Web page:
More quantitative easing, China style

In the latest 2016 effort to help its economy, China universally cut its reserve requirement ratio (RRR) by 50 basis points on March 1. The effect of this action was the release of about 680 billion renminbi of liquidity into the banking system to stabilize growth.

As discussed in our Insight in late 2015, we expected the People’s Bank of China (PBOC) to continue the use of monetary easing tools to maintain stable growth and low costs of funding in a continuation of what we called "quantitative easing (QE), China style." We therefore believe this recent move should not be considered overly surprising.

The timing of the current cut reflects:

  1. An emphasis on policy easing prior to the National People’s Congress (NPC) meetings scheduled for March 2016
  2. Maintenance of financial stability and an effort to keep interbank rates stable
  3. Further room to ease, with the currency stabilized in the near term

More monetary adjustments are likely

Broad economic growth continues to be divergent in China, with overcapacity weighing on investments, and a consumption-driven industry the relative outperformer. Key concerns remain about asset quality risks. Hence, we expect “QE, China style” to continue, as additional liquidity is injected to ease the interest burden ratio for both local governments and corporates, especially state-owned enterprises.

What does this mean for equity investors? In the near term, market sentiment may get a boost from NPC policy announcements, but there are longer-term concerns about both macroeconomic growth and fundamental earnings.

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Federal funds rate: lower for longer

Chart 1. Valuations appear attractive

The charts below may help investors focus on a broader look at China’s equity markets, and they reflect our current views on both valuations in general and areas of potential opportunity.

From a big-picture perspective, with the MSCI China Index trading at a 9.4x forward price-to-earnings (P/E) ratio, compared to a 10-year average of 14.1x, valuations still appear attractive to us (see Chart 1).

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Chart 1. Valuations appear attractive

Chart is for illustrative purposes only.

Source: Bloomberg, data as of Feb. 29, 2016

However, given the continued risk of earnings downgrades and erosion of return on equity, we remain cautious as we await earnings results later this month, and as we assess additions to portfolio holdings that are trading, in our view, at a meaningful discount.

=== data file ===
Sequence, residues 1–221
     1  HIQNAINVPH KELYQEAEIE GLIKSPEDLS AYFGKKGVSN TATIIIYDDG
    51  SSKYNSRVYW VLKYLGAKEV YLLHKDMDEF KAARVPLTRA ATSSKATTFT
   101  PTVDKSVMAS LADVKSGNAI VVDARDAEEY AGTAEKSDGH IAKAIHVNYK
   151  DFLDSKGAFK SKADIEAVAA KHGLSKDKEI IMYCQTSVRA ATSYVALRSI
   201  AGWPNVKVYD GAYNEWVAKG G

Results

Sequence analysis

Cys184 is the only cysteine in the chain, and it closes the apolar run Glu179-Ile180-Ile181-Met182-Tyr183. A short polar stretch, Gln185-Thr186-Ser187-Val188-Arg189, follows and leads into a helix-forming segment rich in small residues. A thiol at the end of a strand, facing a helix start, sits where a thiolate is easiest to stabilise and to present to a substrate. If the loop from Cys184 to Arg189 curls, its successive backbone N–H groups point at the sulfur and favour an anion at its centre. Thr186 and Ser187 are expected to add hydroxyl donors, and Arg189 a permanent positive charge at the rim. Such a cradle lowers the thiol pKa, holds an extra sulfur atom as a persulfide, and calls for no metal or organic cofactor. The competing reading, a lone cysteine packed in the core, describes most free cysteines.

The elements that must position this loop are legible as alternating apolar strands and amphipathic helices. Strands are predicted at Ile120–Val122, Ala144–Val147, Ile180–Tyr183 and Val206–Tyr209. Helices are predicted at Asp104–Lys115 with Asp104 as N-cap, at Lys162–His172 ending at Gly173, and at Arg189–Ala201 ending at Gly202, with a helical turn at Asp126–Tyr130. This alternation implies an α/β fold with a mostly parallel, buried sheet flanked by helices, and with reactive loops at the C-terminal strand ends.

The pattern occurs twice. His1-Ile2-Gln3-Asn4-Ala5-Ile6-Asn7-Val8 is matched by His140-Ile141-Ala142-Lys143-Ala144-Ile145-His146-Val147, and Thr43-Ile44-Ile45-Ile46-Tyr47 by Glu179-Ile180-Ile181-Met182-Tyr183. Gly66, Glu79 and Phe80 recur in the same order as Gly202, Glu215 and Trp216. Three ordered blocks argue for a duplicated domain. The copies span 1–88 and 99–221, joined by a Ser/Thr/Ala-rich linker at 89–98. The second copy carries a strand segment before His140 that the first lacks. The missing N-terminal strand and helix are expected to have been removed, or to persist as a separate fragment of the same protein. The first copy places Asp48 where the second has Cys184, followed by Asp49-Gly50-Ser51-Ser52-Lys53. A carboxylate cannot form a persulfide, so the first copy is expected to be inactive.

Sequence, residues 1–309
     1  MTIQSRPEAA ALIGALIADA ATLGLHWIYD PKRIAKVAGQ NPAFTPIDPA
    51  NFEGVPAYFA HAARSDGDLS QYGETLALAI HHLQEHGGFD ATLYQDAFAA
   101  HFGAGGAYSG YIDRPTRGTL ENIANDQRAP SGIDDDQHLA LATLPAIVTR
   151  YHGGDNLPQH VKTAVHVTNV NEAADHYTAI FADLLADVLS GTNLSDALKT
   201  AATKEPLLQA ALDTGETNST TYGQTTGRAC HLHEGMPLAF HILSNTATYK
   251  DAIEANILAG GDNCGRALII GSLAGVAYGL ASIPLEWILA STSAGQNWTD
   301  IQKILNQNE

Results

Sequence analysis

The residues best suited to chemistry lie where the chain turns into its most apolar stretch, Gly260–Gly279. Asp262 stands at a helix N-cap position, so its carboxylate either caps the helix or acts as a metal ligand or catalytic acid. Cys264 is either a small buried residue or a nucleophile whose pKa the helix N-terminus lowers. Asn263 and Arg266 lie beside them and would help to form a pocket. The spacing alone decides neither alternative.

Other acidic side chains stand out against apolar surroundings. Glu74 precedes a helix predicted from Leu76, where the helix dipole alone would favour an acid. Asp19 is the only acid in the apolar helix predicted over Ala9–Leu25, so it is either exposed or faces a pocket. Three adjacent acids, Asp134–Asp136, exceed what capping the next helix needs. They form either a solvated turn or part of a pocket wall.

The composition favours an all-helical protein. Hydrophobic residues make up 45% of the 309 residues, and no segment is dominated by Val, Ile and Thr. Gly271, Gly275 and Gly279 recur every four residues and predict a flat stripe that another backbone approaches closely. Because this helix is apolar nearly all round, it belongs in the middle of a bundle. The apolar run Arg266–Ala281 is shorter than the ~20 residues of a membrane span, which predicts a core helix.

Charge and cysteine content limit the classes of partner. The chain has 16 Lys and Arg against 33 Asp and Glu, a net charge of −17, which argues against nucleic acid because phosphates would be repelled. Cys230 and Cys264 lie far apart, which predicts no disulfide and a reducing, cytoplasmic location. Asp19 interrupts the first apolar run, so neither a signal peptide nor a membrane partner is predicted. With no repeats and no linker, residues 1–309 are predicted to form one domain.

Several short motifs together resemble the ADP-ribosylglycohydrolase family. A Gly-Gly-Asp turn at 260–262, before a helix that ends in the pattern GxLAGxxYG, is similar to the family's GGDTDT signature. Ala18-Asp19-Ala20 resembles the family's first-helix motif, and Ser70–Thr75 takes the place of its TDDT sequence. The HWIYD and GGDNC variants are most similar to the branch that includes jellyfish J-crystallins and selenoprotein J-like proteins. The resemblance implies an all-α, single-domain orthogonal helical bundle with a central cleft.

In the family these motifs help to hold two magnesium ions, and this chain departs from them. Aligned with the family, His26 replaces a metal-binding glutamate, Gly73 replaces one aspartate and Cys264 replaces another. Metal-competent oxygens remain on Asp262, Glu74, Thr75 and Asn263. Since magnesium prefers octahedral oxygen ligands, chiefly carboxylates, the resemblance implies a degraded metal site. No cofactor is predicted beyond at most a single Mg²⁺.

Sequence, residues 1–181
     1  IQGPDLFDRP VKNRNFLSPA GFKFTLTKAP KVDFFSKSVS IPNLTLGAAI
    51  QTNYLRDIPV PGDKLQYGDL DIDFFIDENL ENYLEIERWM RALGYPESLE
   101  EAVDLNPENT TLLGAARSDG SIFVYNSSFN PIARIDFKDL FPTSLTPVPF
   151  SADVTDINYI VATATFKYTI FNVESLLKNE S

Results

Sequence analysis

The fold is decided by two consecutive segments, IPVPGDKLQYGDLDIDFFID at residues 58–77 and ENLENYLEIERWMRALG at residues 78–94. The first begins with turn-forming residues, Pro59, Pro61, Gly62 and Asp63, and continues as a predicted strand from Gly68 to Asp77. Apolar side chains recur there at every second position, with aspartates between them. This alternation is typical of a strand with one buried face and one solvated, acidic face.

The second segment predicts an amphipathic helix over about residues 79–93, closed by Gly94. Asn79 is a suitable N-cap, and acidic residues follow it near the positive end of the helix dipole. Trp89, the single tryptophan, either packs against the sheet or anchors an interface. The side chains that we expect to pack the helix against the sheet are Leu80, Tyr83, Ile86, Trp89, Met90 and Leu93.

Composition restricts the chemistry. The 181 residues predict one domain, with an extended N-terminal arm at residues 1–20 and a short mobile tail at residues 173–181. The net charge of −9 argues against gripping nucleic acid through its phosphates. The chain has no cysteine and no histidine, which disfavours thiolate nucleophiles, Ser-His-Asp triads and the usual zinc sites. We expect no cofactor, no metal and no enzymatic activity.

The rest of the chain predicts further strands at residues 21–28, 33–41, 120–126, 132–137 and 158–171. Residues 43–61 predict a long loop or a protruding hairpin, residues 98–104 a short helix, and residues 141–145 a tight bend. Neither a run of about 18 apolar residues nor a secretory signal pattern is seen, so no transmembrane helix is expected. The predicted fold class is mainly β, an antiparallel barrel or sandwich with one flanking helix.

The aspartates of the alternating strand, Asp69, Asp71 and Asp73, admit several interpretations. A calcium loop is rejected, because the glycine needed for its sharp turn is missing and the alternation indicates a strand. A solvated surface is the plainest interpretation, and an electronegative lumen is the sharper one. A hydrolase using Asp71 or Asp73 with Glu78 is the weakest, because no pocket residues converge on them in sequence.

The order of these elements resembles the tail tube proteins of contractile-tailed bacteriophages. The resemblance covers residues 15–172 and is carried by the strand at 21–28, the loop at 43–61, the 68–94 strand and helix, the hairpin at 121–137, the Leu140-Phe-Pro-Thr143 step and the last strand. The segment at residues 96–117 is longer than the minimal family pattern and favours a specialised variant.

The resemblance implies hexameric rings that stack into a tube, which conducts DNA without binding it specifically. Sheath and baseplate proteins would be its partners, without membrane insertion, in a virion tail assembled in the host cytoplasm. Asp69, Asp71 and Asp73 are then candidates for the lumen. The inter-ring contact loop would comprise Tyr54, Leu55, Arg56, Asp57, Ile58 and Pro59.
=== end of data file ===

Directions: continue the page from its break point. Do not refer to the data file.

View chart
Federal funds rate: lower for longer

Chart 2. Aggregate outbound tourists over time

While volatility presents opportunities, investors, of course, need to assess the quality of each company, especially examining them for corporate governance risks. We still see opportunities in domestic demand and in local consumption-driven sectors. One particular area of interest is the tourism and lifestyle spending trend, which is highlighted in Chart 2.

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Chart 2. Aggregate outbound tourists over time

Chart is for illustrative purposes only.

Source: China National Tourism Administration, data as of Dec. 31, 2015

In this latest policy action to cut the reserve requirement ratio, central bankers didn’t offer any explanation. This leaves us to rely on our expectations, which — as noted above — include a call for additional policy steps in the future. While we will consider the influence such steps may have on the real economy, our focus will remain on maintaining a portfolio of holdings that we believe can stand on its own and deliver competitive, long-term performance despite changes in central bank policy.

The views expressed represent the Manager's assessment of the market environment as of March 2016 and should not be considered a recommendation to buy, hold, or sell any security, and should not be relied on as research or investment advice. Views are subject to change without notice and may not reflect the Manager's views.

Carefully consider the Funds' investment objectives, risk factors, charges, and expenses before investing. This and other information can be found in the Funds' prospectuses and summary prospectuses, which may be obtained by visiting or calling 877 693-3546. Investors should read the prospectus and the summary prospectus carefully before investing.


Investing involves risk, including the possible loss of principal.

Past performance does not guarantee future results.

International investments entail risks not ordinarily associated with US investments including fluctuation in currency values, differences in accounting principles, or economic or political instability in other nations. Investing in emerging markets can be riskier than investing in established foreign markets due to increased volatility and lower trading volume.

The MSCI China Index captures large- and mid-cap representation across China H shares, B shares, Red chips, and P chips, covering about 85% of this China equity universe.

Index performance returns do not reflect any management fees, transaction costs, or expenses. Indices are unmanaged and one cannot invest directly in an index.

The original author of this piece has left the firm.

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